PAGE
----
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Thursday, May 20, 2010

Discourse 184 The House of Lugard

Monday Discourse (184)

The House of Lugard

What really would have happened had the Northern and Southern Protectorates of Nigeria been allowed to remain separate and evolve as different countries? Would the South – stretching from Lagos to Calabar – have been one of the best countries in the World and North one of the poorest, like its Northern neighbours – Chad and Niger?
The answer from many Southerners is that they would have been far better of without the North. Since the South is richer, the North can only have a dilution effect on the quality of life of the South, holding it back from attaining economic prosperity. Moreover, in terms of human development the North is lagging fifity years behind the South. Added to this is the difficulty of covering its expanse of land with modern infrastructure. The discovery of oil has aggravated this belief. Imagine if all our oil revenues were invested in the South alone and combine that with the nature of its people who love hard work and industry. It would have been, undoubtedly, one of the richest areas in the world. This is the predominant thinking in the South if one is to go by the content of its media and utterances of many of its scholars.
The fate of Northern Nigeria in the above scenario would have been a complete mess. As a landlocked country the North would not have prospered without the South; it would not have gone beyond a peasant economy; it would have had the education and infrastructure it enjoys now; it would have remained entrenched in tradition, feudalism and Islam, none of which would have served to advance its economy. Economy, economy. Ratatatatata.
In addition to this economic calculation there is another one, ethnicity, expounded by scholars of disintegration, a product of primitivism. I cannot imagine how a renowned scholar from the Southwest became so reckless to say that he is ashamed of sharing a passport with the Sultan of Sokoto. This level of unguarded stupidity can only be accommodated by a mind heavily infested by primitive evil of ethnic and racial hatred. Here, the scholar did not rise above the level of the uncivilized elite who featured as a guest on AIT and who degenerated into asking what contribution does a cow make to the economy of this country. That illiterate was saying, “let us hold our oil and let them go with their cows.” Something, certainly foolish and evil, continues to tell this species of Southerners that they have a right to insult others who are simply not their kind in tribe or region.
I find it too shallow for anyone, given our experience since independence, to think that the South would have been better of as a separate country. What guarantee can such people give us that the evil of corruption and ethnicity that have crushed Nigeria today would not have featured in their dream Republic of Southern Nigeria? Would they have used their cocoa, cassava and oil intelligibly to harness their lives or would their wealth have been a major source of corruption and instability? In fact, would they have been allowed to decide their fate with many agents of imperialism in their midst? What affinity binds the Yoruba with the man in Niger-Delta? Would not have led a parasitic life on the wealth of the Niger-Delta as he is presently doing in Nigeria?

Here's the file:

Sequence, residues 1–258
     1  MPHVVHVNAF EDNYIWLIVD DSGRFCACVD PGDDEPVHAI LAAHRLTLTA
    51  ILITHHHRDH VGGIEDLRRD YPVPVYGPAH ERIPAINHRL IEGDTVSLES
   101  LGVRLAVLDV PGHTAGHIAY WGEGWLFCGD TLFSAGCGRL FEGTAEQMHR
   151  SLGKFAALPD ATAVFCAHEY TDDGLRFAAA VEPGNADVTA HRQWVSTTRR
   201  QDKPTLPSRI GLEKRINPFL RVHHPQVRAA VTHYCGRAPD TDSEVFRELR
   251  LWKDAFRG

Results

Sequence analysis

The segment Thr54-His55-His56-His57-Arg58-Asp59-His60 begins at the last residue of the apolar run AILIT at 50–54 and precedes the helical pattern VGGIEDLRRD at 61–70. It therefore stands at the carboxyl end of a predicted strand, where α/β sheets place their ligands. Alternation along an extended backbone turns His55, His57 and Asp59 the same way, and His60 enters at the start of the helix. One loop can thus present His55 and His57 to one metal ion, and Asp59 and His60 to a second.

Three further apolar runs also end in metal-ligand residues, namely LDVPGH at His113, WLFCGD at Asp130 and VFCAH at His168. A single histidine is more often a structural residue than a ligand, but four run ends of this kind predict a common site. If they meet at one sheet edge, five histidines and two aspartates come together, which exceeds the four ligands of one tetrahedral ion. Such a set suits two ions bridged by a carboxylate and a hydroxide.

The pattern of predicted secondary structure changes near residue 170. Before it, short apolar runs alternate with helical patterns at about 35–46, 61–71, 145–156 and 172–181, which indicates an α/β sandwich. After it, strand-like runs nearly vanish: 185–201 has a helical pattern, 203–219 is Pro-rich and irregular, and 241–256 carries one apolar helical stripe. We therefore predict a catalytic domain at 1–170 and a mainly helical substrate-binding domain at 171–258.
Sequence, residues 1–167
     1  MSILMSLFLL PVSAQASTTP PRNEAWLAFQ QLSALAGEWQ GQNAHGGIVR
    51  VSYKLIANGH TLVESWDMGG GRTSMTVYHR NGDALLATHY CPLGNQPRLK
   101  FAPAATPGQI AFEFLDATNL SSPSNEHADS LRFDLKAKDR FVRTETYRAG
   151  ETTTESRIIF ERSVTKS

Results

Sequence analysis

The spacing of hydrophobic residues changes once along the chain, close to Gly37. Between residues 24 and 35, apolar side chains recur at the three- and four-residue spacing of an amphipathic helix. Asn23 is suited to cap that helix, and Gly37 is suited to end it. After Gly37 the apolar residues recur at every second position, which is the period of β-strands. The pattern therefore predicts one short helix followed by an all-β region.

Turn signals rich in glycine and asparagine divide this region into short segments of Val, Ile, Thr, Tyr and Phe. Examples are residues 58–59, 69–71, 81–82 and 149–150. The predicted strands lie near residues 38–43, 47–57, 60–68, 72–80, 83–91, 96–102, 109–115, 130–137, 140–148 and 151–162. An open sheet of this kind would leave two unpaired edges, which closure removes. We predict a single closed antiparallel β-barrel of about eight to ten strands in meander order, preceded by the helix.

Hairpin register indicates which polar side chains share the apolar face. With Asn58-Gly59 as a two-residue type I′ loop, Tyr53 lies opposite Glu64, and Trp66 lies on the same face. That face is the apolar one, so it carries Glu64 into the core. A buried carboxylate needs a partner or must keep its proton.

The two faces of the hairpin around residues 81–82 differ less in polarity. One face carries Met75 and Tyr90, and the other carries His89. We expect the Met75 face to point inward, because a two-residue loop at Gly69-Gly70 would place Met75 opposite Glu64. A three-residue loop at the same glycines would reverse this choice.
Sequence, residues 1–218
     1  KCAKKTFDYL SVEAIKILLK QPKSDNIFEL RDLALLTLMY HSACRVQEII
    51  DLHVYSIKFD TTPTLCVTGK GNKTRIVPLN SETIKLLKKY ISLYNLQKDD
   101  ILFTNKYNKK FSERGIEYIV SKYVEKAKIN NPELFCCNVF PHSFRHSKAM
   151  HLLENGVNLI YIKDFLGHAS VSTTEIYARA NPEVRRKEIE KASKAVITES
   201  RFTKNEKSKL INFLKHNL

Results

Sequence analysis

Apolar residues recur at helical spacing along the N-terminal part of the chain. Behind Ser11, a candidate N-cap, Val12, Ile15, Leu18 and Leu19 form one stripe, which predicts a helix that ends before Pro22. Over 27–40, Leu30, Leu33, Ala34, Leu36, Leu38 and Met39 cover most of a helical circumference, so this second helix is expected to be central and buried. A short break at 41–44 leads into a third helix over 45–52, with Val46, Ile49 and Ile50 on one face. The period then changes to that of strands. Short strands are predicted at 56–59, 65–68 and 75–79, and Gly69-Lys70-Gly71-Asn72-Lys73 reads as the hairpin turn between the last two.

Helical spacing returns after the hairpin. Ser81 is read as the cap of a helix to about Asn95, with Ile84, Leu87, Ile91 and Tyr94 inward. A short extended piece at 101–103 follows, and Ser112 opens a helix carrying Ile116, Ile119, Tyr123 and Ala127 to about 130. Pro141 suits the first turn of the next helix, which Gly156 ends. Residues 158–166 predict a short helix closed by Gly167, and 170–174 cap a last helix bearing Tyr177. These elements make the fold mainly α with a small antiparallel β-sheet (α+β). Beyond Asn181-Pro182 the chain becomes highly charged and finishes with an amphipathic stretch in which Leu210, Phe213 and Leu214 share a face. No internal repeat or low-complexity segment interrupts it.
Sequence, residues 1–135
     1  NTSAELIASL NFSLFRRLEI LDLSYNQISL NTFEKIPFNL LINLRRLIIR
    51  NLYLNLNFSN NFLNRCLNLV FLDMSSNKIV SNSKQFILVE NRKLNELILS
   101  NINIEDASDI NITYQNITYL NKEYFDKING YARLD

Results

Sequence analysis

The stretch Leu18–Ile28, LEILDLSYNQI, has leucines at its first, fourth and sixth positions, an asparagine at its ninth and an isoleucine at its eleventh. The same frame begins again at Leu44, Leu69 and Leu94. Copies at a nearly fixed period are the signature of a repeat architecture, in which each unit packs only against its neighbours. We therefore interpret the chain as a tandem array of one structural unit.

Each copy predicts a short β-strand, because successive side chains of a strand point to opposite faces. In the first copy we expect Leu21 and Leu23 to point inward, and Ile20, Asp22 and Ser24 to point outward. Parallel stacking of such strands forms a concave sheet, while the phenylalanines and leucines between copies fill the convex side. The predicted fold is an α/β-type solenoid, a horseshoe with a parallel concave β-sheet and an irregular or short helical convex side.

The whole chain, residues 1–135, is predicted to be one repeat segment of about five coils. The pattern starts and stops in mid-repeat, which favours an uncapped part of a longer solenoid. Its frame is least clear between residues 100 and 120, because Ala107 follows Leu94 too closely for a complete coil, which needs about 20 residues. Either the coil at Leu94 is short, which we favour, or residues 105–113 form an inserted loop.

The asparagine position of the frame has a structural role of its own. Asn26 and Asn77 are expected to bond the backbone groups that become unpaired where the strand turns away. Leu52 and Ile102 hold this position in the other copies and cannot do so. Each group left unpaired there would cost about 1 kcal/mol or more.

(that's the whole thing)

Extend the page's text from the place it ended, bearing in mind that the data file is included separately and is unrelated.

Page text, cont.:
Southern Nigeria is not the only place in Africa that is rich. There are many parts of Africa that are richer but still living poorer for the simple reason that wealth has often led to disaster than to the progress of humanity. In fact the existence of cheap wealth, like oil, is the more reason why imperialism will be interested in the republic, dividing its people and looting its treasures. Zaire and Sierra Leone are not poor, neither is Iraq; but forces of imperialism are interested in their instability in order to exploit their resources. I doubt if the Niger-Delta would have been different. In fact, in the dream country of Southern Nigeria, the peoples of the Niger-Delta will be under intense pressure to surrender their resources to the Igbo and the Yoruba. The peoples of the Niger-Delta need not be reminded about the inevitable dominance of Igbo in Eastern Nigeria; for the Yoruba, if we must remind them, the risk of instability is very high because they are people who fought themselves almost to the point of extinction few centuries ago on nothing but a market quarrel over a piece of alligator pepper. I wonder what their zeal would be when they are involved in a disagreement over oil, as it will certainly happen, in the Republic of Southern Nigeria.
No, someone would say. The Yoruba are not interested in a Republic of Southern Nigeria; they want a nation of their own. Their population is over 25 million, and have an almost total control of the Nigerian economy: industries, banks, insurance houses, port, stock market, law, etc. Moreover, Baba Aremu has done his best to patronize them in the past six years such that they will have enough to live with only marginal pain in a re-structured Nigeria. This stupidity of this prevalent thought in the Southwest is not far-fetched. One, I do not know of any time in history when a Yoruba nation existed. Yoruba did not even have a common name as a tribe. When the Hausa first came in contact with them, he must have found enormous difficulty in dealing with a nameless mass of people. Thus he gave them a name, Yarba, which they started to pronounce as Yoruba. I feel the Hausa should claim propriety over that name and demand a fee for the good service of his grand parents.
Two, what will the citizens of the Oduduwa Republic do with the fratricidal instinct that has been the hallmark of their history? Or do they think there will not be reasons to disagree over issues bigger than alligator pepper? What form of constitution will they adopt and modus of power sharing? Again, they are betrayed by their history. A recent review done by one of their scholars shows no harmony among their various clans in their conception of leadership throughout their history.